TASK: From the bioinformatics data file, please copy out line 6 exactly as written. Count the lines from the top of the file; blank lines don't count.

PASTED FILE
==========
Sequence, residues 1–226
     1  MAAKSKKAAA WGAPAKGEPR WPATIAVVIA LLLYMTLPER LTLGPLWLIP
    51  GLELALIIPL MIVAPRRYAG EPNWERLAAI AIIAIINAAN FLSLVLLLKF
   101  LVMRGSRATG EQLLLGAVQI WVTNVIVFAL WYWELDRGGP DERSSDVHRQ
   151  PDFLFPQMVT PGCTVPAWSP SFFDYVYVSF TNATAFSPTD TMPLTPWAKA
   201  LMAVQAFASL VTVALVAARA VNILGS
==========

   201  LMAVQAFASL VTVALVAARA VNILGS